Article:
I just read an article in the Wall Street Journal about Wisconsin's drunk driving laws and the reforms some legislators are trying to push through.

41% of Wisconsin's traffic deaths are alcohol related and NOW they're finally going to do something about it. So they decided to take the "drastic" step of requiring first time offenders with at least 0.15% BAC (almost twice the legal limit) to install "ignition interlocks" in their cars. Oh, and they're also going to bolster penalties for repeat offenders and expand their alcohol treatent program... Wow.

Those are some mighty big changes going on up north. I mean, I realize Wisconsin is like the home of beer and they love their Milwaukee Brewers but enough is enough! First offenders getting traffic citations and fines? Police are bound by law to refrain from setting up sobriety checkpoints? This is stuff from a decade or two ago and it's gotta be fixed. Chuck Hurley of MADD says it nicely, that "only in Wisconsin" are the reforms they instituted a sign of progress.

But let's not kid ourselves. Virginia isn't all that great when it comes to DUI laws either. We have the ignition interlock, stiffer penalties for higher BACs, and sobriety checkpoints but what we don't have is penalties for the places getting people drunk.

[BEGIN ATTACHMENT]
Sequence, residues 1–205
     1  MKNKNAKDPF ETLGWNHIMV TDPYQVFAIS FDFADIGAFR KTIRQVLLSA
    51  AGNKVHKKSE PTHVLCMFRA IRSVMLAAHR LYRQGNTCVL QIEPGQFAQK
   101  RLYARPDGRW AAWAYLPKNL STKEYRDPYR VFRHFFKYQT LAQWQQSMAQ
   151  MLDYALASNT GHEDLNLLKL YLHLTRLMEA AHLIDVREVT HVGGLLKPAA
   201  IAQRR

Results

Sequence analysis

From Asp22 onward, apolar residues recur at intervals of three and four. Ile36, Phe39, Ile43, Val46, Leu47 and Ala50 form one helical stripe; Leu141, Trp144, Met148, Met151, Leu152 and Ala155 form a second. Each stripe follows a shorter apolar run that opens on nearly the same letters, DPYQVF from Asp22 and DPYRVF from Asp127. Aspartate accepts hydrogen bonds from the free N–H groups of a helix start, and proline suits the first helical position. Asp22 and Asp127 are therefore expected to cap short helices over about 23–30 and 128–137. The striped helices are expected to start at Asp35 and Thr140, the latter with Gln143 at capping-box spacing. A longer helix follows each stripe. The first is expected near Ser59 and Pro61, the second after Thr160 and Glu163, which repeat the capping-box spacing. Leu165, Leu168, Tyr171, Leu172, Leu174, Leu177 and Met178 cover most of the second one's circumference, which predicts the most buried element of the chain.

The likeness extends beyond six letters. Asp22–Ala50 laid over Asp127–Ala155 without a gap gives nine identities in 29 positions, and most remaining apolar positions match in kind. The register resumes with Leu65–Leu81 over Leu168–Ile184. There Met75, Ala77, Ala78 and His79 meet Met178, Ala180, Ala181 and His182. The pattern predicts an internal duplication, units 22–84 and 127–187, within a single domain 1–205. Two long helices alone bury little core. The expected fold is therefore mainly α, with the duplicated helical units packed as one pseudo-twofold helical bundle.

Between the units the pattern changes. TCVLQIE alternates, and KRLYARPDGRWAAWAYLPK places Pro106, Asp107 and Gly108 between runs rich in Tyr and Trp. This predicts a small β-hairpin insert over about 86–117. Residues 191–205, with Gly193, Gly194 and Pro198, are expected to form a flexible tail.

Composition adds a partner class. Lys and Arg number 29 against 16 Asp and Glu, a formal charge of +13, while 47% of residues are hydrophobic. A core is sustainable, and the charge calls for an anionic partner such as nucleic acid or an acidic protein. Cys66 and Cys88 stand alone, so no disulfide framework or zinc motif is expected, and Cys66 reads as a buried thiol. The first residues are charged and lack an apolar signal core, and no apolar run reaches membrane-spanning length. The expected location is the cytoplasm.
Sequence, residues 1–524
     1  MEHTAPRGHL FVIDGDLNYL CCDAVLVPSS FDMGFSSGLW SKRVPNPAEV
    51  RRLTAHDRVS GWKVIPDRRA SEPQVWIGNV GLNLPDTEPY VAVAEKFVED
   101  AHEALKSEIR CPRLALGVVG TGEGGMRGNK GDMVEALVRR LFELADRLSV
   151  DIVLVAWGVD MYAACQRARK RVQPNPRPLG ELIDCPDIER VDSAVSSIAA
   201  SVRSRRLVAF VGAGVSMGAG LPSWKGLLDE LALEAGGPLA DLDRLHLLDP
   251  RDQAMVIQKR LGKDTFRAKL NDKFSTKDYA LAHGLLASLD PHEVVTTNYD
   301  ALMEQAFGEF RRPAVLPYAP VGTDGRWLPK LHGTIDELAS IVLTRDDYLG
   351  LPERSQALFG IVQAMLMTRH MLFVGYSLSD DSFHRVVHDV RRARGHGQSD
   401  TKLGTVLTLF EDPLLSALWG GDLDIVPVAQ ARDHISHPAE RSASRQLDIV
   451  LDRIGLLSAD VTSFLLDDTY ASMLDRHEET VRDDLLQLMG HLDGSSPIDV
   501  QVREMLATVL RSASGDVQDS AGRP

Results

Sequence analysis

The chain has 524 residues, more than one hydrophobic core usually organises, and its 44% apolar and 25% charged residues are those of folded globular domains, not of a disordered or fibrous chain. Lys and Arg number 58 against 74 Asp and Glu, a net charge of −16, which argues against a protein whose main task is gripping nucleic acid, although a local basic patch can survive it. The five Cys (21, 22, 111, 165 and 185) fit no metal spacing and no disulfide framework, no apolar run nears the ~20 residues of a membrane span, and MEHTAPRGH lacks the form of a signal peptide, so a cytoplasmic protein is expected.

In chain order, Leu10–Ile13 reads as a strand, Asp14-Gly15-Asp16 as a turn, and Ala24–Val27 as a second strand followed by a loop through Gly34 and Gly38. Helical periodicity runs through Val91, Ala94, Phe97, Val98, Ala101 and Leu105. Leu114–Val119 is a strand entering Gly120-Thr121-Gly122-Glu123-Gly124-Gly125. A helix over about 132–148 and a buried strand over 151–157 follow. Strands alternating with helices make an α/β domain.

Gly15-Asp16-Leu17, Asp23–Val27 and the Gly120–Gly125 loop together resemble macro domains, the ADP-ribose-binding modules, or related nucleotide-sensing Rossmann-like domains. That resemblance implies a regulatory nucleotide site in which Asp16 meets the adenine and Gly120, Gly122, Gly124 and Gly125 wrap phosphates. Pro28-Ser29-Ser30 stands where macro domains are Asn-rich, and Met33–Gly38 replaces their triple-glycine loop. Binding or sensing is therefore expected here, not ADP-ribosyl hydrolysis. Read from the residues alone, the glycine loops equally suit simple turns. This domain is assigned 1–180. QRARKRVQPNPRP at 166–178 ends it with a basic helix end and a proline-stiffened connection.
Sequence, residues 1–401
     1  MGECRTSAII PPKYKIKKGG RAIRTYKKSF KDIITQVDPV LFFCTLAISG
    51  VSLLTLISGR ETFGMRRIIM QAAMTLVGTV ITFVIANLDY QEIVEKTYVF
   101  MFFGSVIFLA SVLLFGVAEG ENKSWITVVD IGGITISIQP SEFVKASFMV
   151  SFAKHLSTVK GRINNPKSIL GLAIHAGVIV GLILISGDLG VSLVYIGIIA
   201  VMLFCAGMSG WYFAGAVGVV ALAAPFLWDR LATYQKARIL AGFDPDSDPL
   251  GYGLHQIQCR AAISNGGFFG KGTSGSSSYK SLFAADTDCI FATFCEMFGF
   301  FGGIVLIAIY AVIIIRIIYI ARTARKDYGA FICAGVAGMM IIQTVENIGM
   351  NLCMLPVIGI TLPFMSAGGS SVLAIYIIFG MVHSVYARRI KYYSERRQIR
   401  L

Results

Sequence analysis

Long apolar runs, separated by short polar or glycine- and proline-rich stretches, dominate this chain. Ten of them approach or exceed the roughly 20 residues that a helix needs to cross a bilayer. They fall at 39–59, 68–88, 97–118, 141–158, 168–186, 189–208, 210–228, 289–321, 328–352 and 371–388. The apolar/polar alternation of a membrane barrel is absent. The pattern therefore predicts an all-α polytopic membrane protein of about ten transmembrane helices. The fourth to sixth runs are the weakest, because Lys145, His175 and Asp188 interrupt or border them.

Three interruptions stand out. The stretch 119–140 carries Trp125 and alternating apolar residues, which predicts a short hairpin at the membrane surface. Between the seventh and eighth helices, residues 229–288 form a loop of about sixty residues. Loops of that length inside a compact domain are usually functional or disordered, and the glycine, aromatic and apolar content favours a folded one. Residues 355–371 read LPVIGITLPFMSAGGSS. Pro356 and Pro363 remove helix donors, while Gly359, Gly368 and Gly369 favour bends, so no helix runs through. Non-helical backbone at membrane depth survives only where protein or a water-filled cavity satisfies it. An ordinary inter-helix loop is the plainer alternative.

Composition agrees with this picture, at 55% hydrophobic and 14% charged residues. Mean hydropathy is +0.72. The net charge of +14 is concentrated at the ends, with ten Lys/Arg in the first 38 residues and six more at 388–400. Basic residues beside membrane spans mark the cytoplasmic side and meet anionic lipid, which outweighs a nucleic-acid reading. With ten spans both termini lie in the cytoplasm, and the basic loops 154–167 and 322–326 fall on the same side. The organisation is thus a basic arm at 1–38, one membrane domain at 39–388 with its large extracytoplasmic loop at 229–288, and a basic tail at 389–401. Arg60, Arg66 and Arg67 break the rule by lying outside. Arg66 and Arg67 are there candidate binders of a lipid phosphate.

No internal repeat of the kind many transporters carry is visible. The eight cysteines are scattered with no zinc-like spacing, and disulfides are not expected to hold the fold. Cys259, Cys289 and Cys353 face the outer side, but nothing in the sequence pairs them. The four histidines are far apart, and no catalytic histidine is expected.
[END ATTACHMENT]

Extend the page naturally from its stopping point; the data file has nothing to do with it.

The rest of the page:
It's time that bars start taking some of the blame for drunk driving. I don't mean to say that bars should stop operating but you'd think that good common sense would hold that the workers of an establishment know not to let someone drive when it's obvious they've had too much. Bars get in trouble if they serve underage kids, they lose their ABC license. Why not have it be the same for DUIs? If a bar serves a guy too much and lets him drive home, BOOM no more liquor license. I know there's a lot of grey area there but at least it's a start to finally getting the bar and restaurant industry to pick up part of the tab for the mess they help create.
Ben Glass
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Ben Glass is a nationally recognized Virginia injury, medical malpractice, and long-term disability attorney
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